Quality of Life in Families of Young Children with Autism Spectrum Disorder at Intake

Poster Presentation
Friday, May 11, 2018: 11:30 AM-1:30 PM
Hall Grote Zaal (de Doelen ICC Rotterdam)
C. Mello1, M. Rivard2 and A. Terroux3, (1)Applied Psychology, The Pennsylvania State University, Reading, PA, (2)Psychology, Universite du Quebec a Montreal, Montréal, QC, Canada, (3)Université du Québec à Montréal, Montréal, QC, Canada
Background: Families of children with autism spectrum disorder (ASD) experience greater psychosocial difficulties than parents of typically developing children or children with other developmental disorders. In particular, the early childhood period poses unique challenges as parents come to terms with their child’s recent diagnosis, make adjustments to the family’s day-to-day life and activities, and begin to seek out services. Studies to date have identified socioeconomic, family-related, and child-related variables associated with family quality of life (FQOL) and other parent outcomes (e.g., parenting stress, mental health), but these have tended to focus on families of children who were older (e.g., school-aged or adolescent) and were receiving some form of intervention or external support.

Objectives: To report on, and identify predictors of, FQOL among families of young children with ASD following the child’s former diagnosis, but prior to receiving early behavioral intervention.

Methods: Data were collected from 277 families (271 mothers, 222 fathers) of preschool-aged children (M = 45.9 months) with ASD. At the time of the study, these families had requested, but not received, free EIBI services from a public rehabilitation center in the province of Québec, Canada. Parents completed the Beach Center FQOL scale and standardized measures of the child’s adaptive behavior, autism severity, and executive function. The child also completed a standardized assessment of intellectual functioning, and a caregiver rated the child’s socioaffective competencies.


Overall, parents’ satisfaction with their FQOL was relatively neutral (i.e., 3.66–3.70 on a scale of 1 to 5, M = 3.65). There were no salient differences between mothers’ and fathers’ FQOL levels. Families were most satisfied with their physical and material well-being and disability-related support, respectively, moderately satisfied with parenting and emotional well-being, and least satisfied with family interactions. Household income and mothers’ employment were positively associated with FQOL. Reliance on, and perceived availability of, social support (primarily from the extended family) was also predictive of FQOL. While autism severity, executive functioning, adaptive behaviors and parents’ subjective appraisal of their child’s overall level of functioning were associated with FQOL, regression analyses indicated that adaptive behavior are a more robust predictor of mothers’ FQOL, while autism severity was predictive of some aspects of fathers’ FQOL.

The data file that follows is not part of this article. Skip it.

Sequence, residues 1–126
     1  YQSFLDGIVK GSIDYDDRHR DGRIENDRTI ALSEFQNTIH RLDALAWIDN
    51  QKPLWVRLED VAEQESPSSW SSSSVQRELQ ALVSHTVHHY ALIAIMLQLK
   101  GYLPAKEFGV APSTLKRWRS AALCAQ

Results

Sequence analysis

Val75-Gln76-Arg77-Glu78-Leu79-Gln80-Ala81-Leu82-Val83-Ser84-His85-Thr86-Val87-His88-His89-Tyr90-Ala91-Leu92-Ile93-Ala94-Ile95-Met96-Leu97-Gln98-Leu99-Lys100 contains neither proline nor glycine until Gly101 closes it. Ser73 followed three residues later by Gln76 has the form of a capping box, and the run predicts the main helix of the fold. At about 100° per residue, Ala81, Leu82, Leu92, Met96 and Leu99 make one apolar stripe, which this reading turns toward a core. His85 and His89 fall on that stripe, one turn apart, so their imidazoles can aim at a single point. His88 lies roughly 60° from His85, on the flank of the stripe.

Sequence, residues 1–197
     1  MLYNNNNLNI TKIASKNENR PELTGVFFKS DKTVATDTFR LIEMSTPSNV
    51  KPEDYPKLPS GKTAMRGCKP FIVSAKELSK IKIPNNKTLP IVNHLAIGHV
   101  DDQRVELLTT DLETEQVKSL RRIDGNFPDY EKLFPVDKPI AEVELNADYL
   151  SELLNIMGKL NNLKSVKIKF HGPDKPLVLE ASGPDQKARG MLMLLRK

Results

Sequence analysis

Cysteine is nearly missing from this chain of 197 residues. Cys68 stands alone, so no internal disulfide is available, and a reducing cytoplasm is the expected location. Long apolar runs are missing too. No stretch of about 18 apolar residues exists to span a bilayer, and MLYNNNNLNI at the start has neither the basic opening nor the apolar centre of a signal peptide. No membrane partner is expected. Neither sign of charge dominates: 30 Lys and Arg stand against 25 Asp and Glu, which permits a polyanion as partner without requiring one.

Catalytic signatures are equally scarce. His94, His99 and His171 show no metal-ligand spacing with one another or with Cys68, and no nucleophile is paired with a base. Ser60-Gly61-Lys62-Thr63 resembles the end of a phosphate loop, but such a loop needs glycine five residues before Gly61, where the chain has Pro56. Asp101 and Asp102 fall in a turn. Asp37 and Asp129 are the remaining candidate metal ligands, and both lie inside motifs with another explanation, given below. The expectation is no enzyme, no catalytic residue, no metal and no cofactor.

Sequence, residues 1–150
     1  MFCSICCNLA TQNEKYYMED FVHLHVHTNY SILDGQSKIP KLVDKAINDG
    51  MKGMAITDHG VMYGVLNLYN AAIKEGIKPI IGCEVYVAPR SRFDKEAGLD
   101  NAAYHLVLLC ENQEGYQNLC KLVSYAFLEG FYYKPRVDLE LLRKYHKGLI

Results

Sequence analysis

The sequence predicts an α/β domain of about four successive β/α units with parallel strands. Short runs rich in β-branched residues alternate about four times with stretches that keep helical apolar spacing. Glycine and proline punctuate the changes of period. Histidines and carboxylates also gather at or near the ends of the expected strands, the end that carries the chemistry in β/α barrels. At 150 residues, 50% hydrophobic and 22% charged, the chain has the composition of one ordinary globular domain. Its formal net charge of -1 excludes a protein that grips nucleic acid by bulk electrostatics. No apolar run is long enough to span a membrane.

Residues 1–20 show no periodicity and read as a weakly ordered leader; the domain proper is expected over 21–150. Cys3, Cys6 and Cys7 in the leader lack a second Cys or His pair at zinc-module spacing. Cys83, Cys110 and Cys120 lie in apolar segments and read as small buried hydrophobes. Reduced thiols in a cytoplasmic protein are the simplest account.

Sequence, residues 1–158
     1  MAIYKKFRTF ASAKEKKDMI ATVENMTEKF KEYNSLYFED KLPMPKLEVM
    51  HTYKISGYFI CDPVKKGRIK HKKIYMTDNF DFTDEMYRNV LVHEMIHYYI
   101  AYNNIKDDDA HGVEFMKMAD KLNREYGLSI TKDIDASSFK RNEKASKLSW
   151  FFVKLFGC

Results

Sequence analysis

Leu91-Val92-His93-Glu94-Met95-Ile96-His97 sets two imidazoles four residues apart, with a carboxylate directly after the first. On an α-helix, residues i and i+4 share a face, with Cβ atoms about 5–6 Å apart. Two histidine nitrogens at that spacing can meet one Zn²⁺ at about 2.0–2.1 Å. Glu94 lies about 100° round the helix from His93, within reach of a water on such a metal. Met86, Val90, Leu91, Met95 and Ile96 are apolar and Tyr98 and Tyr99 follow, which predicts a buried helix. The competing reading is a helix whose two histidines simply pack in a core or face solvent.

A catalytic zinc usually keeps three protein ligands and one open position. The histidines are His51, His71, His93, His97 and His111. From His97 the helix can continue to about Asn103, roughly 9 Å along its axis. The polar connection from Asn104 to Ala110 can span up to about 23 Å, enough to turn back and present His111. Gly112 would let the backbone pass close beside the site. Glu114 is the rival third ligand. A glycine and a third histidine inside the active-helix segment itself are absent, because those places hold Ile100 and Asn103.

Conclusions:: In contrast to previously examined populations, parents of young children with ASD who have taken steps to eventually receive free EIBI services for their child express relatively high satisfaction with their financial stability and support services. However, during the post-diagnosis period, they may benefit from low-intensity interventions that aim to improve interactions within the family and equip parents to respond to some salient features of their child’s condition. To the extent social support is particularly important during this period, outreach and intervention efforts should aim to include other family members, particularly grandparents. By improving FQOL for these families, such interventions may ensure better parental compliance with, and effectiveness of, EIBI.